Deaccessioning, moi?

Mark and Susan Laracy on collecting, ageing, and changing tastes

We started collecting in our early forties, facilitated by the success of the perfume company we founded after Mark’s separation by firing from corporate life. The premise of Parfums de Coeur, “Designer quality fragrances not designer prices”, proved powerful and enduring...we sold it after thirty years of success and profitable growth.

Early on we acquired a noble white brick colonial on nine acres in New Canaan, Connecticut. Designer-magician, Albert Hadley transformed it into a place of great comfort, luxury, and beauty and he became part of our life for twenty six years. We collected American antiques, furniture and art, John Brewster, Amni Phillips, Goddard Townsend. We wanted to project a life of conservative comfort, solid old money—of course, nothing could have been further from the truth!

“Timing IS everything!"

Come 2005, we were empty nesters, Susan decided to depart Connecticut and move to New York City. We wanted change, foreign films, newness. We found a co-op at One Fifth Avenue, starting a long running love affair with Greenwich Village.

In early 2007 we sold our antiques collection and New Canaan house, talk about blessed timing!

Ours proved a familiar collecting arc; brown furniture and folk art gave way to mid-century modern furniture and contemporary art. We were tired of dark; we wanted color, newness, more space! In 2010 a Greenwich Village townhouse came our way. We had never stopped buying and collecting and we were always redecorating!

We continue changing our lives. We are building a new mid-century modern style house in Beverly Hills. Again, we wanted change, to be near our only grandchild, in La La land. We will be bi-coastal—New York and Los Angeles—straight urban energy full on.

Another motivation was realizing Mark has proven unable to maintain three houses; just too, too much. So we are selling our Florida home at the Bears Club and our 1917 Summer home in Weekapaug, Rhode Island.

By now you see the contents of those two houses will not easily fit into one new smaller house, thus our parting ways with these long cherished objects.

On one hand we’re sorry to see these go. However, these memories will always be with us, the wins and misses at so many auctions, Albert Hadley’s special eye on our handful of houses, most of all what a lucky and mostly happy life we have had together. We are passing these on, and, dear reader, we hope these bring you the same pleasures and good fortune we have so enjoyed.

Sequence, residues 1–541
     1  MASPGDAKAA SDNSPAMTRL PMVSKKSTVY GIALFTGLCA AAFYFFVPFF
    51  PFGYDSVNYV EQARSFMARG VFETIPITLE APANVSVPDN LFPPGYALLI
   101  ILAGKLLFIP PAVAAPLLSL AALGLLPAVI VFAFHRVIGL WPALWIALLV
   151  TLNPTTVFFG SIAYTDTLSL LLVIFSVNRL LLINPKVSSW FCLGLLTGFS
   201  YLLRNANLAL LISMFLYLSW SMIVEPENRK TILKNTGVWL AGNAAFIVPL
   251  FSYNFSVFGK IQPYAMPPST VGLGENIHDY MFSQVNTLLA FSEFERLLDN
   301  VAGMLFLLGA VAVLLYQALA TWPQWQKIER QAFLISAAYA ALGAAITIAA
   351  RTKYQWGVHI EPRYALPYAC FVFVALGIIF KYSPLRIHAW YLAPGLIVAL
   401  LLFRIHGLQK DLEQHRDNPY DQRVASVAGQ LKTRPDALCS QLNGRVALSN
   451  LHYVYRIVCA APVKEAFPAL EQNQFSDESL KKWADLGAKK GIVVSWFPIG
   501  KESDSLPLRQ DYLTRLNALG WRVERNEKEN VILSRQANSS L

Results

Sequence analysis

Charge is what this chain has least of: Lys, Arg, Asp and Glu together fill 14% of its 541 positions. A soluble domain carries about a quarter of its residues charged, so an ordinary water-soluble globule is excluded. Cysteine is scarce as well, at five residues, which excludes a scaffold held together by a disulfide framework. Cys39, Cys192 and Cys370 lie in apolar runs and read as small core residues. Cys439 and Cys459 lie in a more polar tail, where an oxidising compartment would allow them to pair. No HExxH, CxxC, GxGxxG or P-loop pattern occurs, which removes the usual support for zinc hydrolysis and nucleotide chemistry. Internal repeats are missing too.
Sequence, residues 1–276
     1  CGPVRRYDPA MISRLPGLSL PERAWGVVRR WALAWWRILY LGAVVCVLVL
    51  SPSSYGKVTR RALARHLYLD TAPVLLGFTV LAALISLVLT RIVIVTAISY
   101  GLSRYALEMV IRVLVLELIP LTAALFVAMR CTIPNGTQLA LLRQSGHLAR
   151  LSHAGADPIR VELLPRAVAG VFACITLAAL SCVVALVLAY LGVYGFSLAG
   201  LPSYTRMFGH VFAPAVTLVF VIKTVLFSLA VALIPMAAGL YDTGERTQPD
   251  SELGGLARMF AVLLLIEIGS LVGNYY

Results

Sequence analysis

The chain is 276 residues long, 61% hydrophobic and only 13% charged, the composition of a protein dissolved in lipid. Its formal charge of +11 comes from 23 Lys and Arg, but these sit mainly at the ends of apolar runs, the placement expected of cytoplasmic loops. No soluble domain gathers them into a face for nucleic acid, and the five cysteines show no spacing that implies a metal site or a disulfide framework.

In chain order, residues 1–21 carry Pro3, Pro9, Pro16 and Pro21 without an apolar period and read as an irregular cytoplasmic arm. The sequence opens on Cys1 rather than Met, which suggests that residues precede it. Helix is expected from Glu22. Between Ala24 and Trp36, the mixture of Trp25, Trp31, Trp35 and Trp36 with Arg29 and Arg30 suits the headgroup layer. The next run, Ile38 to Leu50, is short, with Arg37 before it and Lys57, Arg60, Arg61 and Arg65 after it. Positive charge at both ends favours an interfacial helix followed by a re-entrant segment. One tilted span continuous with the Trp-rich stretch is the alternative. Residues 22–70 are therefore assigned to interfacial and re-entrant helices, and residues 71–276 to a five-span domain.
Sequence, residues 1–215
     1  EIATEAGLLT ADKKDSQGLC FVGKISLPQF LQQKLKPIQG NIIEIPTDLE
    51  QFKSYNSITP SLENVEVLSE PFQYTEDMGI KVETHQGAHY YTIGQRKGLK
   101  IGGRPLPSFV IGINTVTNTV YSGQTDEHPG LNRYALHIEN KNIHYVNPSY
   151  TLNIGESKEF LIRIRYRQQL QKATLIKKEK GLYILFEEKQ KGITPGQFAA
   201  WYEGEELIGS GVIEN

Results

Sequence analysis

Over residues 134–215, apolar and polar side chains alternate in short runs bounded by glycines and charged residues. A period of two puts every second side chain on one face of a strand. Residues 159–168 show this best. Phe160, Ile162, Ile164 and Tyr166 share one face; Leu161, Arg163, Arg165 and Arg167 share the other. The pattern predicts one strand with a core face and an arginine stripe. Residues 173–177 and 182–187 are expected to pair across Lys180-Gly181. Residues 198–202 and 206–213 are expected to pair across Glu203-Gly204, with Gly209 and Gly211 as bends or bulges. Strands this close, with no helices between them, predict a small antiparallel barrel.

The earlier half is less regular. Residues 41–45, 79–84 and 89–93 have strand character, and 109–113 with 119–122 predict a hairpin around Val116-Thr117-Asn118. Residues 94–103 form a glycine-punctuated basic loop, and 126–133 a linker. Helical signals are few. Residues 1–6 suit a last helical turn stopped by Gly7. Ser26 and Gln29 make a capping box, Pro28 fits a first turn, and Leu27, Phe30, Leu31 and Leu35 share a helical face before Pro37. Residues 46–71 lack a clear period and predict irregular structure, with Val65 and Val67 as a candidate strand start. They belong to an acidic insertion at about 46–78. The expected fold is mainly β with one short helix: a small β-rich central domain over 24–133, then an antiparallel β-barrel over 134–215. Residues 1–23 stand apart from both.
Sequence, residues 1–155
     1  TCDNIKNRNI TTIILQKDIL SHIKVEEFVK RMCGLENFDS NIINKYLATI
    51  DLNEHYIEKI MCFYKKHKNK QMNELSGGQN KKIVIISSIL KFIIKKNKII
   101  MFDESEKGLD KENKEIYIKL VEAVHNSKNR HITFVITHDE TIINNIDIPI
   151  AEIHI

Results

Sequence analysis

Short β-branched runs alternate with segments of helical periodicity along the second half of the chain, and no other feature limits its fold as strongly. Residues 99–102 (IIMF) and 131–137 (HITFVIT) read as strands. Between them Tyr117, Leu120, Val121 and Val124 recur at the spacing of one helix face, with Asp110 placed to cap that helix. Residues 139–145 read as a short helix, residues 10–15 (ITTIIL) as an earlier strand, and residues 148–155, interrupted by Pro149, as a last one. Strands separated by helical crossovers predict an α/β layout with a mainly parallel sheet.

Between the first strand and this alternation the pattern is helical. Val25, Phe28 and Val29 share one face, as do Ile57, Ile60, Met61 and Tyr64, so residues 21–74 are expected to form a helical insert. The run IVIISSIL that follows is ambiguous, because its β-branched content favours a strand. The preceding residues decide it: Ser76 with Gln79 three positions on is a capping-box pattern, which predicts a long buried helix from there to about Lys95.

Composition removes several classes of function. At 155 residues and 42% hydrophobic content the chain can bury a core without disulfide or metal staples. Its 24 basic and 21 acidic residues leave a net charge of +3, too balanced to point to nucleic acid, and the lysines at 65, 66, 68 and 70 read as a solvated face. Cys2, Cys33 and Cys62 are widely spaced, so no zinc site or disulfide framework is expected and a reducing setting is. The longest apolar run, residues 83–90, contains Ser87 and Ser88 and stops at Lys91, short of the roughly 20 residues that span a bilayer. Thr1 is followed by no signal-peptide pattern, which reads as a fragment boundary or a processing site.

P.S. A mild antidote to the above admitted orgy of fat cat disease: we regularly give to and support Harlem Children’s Zone and KIPP. This, and our two wonderful sons, is what we are most proud of...

Georges Jouve

Georges Jouve was born in Fontenay-sous-Bois, France in 1910. He began his formal training in design and sculpture first at the École Boulle, and then later at the Académie de la Grande Chaumière. After graduating in 1930, Jouve worked as a stage designer. Jouve was a drafted into the army in 1939. After a battle, Jouve was taken prisoner by the Nazis and interred in a German camp. After several unsuccessful escape attempts, Jouve fled to his parent’s home in Drôme in the South of France. It was in this town that Jouve began to learn the medium of ceramics, to which he applied his knowledge of sculptural forms. In 1945, Jouve moved to Paris, and he opened an atelier for ceramics on the rue de la Tombe-Issoire. Jouve’s modernist ceramics caught the eye of famed designer Jacques Adnet, who invited him to exhibit his work at the La Ceramique Contemporaine show with the Compagnie des Arts. With the support of Adnet, Jouve began to exhibit regularly at design salons like the Salon de l’Imagerie and the Salon des Artistes Décorateurs. The French Ministry of Higher Education asked Jouve to exhibit his ceramics worldwide, and his works were shown in Rio in 1946, Helsinki in 1948, and Rome in 1950. Jouve passed away in 1964, but he left behind a groundbreaking legacy of biomorphic ceramics that redefined craft with their sculptural forms.

Auction Results Georges Jouve